- Dr Arne Strand, Chr. Michelsen Institute
Development policies promote interventions in different socio-political contexts to generate social, economical and sometimes political change. Migration is an intrinsic part of the broader processes in which development interventions take place. As recent political and social tensions around migration and refugee issues in Europe has proven, international migration is still a poorly understood issue. An interdisciplinary lens is required to come to grips with its diverse aspects, and to more precisely understand how migration and migration policies relate to development and development polices.
This plenary session uses theoretical, empirical and historical analyses to understand and explain the migration and development nexus. It aims at critically examining the broader linkages and processes between migration and development in different countries and at various scales. In doing so, it challenges the current narratives on migration and deconstructs myths related to migration and development. How are refugee and migration policies currently changing? In which ways are development policies and migration policies intertwined at the EU level and in third countries? How can we understand the interconnection between development, development policies and migration?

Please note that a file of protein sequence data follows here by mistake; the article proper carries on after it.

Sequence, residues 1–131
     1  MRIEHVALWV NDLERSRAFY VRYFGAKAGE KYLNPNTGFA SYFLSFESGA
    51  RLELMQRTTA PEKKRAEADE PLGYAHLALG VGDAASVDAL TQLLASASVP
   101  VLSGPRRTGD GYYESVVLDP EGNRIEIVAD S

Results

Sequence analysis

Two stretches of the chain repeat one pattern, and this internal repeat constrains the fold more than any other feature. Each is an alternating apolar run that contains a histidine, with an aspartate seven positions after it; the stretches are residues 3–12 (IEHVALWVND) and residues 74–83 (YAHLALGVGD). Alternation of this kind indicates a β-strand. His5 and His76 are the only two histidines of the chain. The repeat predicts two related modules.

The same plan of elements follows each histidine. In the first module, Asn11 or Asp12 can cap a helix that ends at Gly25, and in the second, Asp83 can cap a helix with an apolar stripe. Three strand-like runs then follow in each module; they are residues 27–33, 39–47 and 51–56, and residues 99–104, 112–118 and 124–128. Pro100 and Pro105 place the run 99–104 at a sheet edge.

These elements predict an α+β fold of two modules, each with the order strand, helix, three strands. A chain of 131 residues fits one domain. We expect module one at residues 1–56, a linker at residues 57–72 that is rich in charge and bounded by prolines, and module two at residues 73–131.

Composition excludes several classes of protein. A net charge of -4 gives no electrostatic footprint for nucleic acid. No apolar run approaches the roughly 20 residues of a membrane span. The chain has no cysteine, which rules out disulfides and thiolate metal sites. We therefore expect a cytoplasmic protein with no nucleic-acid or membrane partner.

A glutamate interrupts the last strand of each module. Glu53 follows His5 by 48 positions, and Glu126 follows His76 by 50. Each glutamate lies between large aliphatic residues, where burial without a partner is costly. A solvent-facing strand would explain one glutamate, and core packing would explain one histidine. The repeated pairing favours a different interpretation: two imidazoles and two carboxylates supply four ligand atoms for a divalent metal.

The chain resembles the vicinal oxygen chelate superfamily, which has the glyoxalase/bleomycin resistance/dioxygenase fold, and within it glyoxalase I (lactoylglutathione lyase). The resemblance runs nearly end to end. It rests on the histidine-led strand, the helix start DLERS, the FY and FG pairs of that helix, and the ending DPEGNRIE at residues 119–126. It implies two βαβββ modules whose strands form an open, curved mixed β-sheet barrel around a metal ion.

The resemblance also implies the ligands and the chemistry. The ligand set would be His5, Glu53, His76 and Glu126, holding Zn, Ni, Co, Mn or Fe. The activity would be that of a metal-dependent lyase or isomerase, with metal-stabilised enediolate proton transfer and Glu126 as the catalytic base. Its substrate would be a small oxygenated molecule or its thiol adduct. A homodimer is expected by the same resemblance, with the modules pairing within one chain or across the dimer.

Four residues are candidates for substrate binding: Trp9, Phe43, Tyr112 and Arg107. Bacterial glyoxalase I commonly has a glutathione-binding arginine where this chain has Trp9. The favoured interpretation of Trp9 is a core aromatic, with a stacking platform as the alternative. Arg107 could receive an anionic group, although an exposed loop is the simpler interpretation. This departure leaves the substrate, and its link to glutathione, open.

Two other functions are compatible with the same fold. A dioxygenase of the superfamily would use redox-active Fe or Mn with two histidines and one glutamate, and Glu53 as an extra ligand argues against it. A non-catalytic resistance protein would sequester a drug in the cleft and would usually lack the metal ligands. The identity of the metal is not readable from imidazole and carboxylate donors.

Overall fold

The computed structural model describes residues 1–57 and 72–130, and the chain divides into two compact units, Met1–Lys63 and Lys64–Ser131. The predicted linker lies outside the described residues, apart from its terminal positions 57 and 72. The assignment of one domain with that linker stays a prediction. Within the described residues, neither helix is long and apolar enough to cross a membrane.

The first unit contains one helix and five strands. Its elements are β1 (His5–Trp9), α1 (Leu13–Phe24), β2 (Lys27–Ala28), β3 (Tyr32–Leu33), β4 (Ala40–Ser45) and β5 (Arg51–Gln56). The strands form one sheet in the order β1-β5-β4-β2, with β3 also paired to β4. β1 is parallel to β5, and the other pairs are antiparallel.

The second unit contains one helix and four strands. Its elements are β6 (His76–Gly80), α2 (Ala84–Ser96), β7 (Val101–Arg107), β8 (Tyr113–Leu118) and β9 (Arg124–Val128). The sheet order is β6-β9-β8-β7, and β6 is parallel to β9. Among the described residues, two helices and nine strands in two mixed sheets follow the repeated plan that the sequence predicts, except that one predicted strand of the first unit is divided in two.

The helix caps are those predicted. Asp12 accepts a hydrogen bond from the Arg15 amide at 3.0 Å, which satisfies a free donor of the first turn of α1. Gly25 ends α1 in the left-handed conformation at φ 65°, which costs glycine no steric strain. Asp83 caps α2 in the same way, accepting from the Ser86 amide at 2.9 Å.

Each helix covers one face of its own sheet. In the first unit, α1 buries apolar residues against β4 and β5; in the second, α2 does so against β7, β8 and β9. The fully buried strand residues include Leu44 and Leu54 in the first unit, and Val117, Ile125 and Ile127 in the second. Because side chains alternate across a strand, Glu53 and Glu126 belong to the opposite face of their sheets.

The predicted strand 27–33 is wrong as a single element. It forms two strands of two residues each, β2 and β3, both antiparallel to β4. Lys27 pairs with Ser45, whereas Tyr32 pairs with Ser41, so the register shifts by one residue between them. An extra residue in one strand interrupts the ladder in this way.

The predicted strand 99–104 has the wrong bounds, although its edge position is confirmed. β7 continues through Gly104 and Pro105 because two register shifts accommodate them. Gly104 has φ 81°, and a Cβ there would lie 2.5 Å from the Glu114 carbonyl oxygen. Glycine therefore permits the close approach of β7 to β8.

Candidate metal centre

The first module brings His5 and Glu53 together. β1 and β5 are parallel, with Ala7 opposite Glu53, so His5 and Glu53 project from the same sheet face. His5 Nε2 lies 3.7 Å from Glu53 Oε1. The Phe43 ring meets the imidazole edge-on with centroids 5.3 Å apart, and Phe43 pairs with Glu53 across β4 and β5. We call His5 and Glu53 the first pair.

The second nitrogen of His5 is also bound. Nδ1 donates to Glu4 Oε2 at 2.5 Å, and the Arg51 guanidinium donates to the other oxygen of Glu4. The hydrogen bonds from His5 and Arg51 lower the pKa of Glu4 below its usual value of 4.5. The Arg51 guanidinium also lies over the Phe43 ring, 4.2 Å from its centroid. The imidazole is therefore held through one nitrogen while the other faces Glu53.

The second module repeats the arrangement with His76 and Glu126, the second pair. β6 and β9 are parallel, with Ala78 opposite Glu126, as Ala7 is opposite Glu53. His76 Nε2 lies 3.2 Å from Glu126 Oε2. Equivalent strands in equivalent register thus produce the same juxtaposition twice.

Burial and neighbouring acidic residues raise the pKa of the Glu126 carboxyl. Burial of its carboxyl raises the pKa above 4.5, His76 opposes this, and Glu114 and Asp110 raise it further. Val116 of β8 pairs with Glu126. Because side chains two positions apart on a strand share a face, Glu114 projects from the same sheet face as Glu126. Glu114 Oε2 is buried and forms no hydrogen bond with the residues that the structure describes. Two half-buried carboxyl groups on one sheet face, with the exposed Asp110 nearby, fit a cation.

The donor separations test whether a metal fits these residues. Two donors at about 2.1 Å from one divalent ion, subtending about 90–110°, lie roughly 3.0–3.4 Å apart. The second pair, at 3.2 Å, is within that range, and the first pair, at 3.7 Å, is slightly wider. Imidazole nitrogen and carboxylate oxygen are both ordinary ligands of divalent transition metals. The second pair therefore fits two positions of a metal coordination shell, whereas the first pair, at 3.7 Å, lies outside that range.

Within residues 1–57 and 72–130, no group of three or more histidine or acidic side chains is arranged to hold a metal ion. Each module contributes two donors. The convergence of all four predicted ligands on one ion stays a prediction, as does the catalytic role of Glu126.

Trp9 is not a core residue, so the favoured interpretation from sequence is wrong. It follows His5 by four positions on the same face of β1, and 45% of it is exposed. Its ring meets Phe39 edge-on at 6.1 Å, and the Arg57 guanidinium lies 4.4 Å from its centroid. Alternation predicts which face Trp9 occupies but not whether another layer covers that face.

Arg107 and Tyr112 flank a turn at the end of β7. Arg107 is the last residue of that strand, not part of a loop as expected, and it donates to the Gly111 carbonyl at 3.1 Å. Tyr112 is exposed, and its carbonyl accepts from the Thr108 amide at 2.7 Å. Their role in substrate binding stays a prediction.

Tax Justice plenary: Globalization and international tax justice: challenges and innovations for domestic revenue mobilization in developing countries
- Professorial Fellow Mick Moore, Institute of Development Studies, UK
- Associate Professor Brooke Harrington, Copenhagen Business School
- Associate Director Catherine Ngina Mutava, , Strathmore Tax Research Centre, Nairobi
- Research Professor Odd-Helge Fjeldstad, Chr. Michelsen Institute and African Tax Institute, University of Pretoria